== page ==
Rectifying non-conformances

Although standards are relatively practical to implement, and should be seen as a way of improving standards on farm, there are still non-conformances raised during inspections, ABM’s development manager Sarah Long told Farmers Weekly.

A review of the last 18 month inspection period has highlighted the top five non-conformances following 20,000 beef and sheep inspections.

Number One
Written manure management plans – 7%

Even with rules regarding Nitrate Vulnerable Zones and risk of environmental pollution, nearly 1500 farms inspected didn’t have an adequate manure management plan.

But this doesn’t mean producers aren’t meeting requirements for handling or spreading manure, explains Miss Long.

“The point of having a plan or policy is to ensure there is enough land available to spread farmyard manures, or other disposal measures are in place, as well as demonstrating an understanding of potential environmental problems, as it is a requirement under cross-compliance,” explains Miss Long.

“A simple plan will help identify where and at what rate to spread manures, slurry, dirty water and other organic waste.

Farmers will benefit, while minimising pollution risks.

It will also help assess whether enough storage is provided.”

As a minimum she says producers will be expected to have a map of the farm identifying where manure is applied, any water courses or bore holes that may affect manure application and demonstrate there is enough land area available for manures to be applied without exceeding a total nitrogen application of 250kg/ha a year.

Useful information:

Number Two
medicine records – 6.3%

When ABM began closely monitoring non-conformances in 1999, some 25% of farmers inspected had inadequate medicine records.

Today, rather than failure to keep a record book, the most common errors are farmers missing batch numbers or anaesthetic applications, many of which are honest mistakes, but must be rectified to ensure food safety requirements are met, Miss Long says.

“Each unit must maintain up-to-date and legal medicine purchase and administration records, including records of medicines purchased, details of supplier, batch numbers and identity of animals treated.”

All treatments including vaccinations, anaesthetic, worming and dipping must be recorded for all animals, she adds.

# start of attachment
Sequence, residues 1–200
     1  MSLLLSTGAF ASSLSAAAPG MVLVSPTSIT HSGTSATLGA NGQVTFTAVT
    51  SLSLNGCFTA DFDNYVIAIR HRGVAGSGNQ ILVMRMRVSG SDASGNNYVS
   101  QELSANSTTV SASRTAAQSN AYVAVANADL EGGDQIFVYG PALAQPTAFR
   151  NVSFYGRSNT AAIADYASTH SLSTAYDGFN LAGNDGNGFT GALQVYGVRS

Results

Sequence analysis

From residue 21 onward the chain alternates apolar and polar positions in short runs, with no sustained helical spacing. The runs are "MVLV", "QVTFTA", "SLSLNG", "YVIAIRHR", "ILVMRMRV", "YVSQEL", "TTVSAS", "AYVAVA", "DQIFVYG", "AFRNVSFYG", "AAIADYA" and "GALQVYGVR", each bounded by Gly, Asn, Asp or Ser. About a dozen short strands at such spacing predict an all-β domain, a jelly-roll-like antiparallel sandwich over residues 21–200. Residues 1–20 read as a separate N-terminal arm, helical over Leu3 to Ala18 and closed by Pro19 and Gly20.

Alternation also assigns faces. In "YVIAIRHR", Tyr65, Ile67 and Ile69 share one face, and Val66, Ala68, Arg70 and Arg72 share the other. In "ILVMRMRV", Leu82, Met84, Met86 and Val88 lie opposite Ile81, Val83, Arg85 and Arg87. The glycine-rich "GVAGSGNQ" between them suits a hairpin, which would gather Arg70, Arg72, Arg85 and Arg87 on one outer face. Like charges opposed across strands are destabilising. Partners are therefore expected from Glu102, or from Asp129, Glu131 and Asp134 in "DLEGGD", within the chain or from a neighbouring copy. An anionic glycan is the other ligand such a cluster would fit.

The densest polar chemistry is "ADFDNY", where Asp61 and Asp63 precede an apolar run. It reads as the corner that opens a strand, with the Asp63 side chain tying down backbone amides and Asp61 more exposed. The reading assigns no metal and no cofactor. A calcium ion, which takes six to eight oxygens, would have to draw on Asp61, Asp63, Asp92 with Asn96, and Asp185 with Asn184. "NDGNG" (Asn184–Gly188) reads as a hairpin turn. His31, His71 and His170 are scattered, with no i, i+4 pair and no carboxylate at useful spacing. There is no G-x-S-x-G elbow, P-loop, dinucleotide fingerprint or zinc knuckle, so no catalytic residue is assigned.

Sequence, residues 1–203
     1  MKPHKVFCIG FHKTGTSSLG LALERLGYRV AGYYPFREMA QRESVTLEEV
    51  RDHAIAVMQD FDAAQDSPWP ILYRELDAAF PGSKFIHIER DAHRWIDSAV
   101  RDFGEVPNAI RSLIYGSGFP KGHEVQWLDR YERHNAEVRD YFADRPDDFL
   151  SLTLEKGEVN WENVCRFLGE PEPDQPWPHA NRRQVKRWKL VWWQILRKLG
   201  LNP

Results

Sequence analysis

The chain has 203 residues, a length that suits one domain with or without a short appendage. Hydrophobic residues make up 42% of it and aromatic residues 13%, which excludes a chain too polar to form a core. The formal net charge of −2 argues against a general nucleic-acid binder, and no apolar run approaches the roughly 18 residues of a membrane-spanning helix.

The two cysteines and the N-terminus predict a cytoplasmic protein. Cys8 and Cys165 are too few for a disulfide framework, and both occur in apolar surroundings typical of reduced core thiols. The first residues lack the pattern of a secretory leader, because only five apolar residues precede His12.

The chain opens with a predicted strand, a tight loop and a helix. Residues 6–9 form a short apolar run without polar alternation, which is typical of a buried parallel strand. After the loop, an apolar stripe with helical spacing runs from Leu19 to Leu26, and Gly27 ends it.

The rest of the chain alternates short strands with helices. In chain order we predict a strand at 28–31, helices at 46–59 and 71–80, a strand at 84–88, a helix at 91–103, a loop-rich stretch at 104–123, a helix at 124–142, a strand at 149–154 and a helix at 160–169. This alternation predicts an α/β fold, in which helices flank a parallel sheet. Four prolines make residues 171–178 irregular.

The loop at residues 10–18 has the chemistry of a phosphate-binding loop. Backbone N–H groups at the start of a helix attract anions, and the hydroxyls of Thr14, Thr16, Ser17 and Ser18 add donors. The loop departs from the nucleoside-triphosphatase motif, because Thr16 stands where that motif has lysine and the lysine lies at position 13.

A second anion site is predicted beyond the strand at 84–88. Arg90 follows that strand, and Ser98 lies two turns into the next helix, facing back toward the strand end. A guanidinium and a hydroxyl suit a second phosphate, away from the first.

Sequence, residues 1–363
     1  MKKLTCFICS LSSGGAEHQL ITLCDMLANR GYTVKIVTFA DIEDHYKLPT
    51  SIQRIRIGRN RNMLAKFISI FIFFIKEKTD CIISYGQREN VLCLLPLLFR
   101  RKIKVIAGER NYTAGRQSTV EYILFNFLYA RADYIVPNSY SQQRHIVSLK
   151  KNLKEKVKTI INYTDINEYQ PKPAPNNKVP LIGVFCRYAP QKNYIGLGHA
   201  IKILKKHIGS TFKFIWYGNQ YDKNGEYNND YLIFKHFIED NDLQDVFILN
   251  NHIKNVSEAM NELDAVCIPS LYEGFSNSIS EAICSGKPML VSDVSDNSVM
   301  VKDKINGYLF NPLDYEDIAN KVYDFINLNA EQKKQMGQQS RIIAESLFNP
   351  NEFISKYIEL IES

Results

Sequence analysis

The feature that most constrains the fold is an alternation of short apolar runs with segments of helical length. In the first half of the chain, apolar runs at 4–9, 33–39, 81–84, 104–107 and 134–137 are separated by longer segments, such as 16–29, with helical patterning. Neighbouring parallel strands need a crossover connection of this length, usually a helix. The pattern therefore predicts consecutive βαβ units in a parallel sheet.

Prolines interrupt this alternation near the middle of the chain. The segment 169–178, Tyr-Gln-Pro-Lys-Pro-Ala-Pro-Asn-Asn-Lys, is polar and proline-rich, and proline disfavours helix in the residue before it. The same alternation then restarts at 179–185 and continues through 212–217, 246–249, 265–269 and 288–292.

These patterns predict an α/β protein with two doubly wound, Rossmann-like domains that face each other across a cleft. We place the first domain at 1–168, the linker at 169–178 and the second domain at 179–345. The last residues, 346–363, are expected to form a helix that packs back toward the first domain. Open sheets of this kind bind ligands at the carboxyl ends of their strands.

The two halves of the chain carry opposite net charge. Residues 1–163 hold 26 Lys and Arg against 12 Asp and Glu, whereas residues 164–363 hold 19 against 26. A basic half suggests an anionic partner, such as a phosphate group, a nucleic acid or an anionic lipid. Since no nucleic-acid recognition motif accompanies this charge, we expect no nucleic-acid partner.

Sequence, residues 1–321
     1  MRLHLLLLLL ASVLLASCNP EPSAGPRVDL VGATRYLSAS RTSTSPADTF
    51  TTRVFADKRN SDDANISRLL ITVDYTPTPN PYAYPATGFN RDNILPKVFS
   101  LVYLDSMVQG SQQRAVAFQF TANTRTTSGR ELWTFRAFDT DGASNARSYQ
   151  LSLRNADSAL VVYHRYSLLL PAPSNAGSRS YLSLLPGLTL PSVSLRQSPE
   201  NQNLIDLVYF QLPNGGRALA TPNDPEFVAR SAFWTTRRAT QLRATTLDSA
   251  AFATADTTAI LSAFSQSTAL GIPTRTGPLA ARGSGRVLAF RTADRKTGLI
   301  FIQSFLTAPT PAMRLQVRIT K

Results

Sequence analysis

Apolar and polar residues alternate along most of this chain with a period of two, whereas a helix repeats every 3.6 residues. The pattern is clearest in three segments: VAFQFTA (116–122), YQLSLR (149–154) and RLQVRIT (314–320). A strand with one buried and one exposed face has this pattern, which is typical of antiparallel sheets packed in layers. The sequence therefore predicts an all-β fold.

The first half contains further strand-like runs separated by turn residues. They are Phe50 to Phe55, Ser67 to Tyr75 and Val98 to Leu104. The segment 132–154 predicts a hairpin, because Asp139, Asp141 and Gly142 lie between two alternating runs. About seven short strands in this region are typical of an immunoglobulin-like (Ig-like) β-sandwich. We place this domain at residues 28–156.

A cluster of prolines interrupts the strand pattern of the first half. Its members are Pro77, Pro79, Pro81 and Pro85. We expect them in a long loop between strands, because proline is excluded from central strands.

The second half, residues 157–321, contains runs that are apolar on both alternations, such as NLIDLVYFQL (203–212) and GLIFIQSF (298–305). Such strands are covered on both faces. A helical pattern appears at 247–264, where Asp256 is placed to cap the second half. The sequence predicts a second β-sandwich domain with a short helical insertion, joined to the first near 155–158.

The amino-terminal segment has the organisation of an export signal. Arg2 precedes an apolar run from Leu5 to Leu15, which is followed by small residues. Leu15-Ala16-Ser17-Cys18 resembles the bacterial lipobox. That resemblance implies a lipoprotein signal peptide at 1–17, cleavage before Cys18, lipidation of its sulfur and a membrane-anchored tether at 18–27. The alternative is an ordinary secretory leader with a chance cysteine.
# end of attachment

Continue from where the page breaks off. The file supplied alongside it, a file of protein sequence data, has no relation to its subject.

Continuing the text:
Useful publications:

  • The RUMA Guidelines for Cattle and Sheep,

  • Veterinary Medicines – Safe use by farmers and other animal handlers, produced by HSE (01787 881 165).

Number Three
health plan – 4.6%

All farmers must have a written herd/flock health plan to help review their approach to animal health on a regular basis and demonstrate commitment to planned, improved animal health and welfare.

And although producers are encouraged to seek vet advice in preparing the plan, Miss Long says it isn’t essential, but producers must have a named vet for the farm.

Number Four
Availability of DEFRA Guidance on the Transport of Casualty Animals – 3.3%

The ABM standard requires producers to have a copy of the DEFRA Guidance on the Transport of Casualty Animals as a point of reference to show they are aware of requirements when transporting casualty animals.

“By having a copy of the booklet, producers are demonstrating they have the correct information to hand.”

Useful publication:

  • DEFRA Guidance on the Transport of Casualty Animals (08459 556 000).

Number Five
Worming of dogs and cats (where practicable) – 2.6%

A record of dogs and cats being wormed on farm must be clearly stated in the medicine record book or diary.

The spread of disease from cats and dogs is recognised to be associated with sheep, but all producers must record the treatment due to the risks it can present to human health.

All standards must be rectified according to scheme rules before a certificate can be awarded.

Repeated non-conformances against any standard will result in suspension or withdrawal from the scheme.

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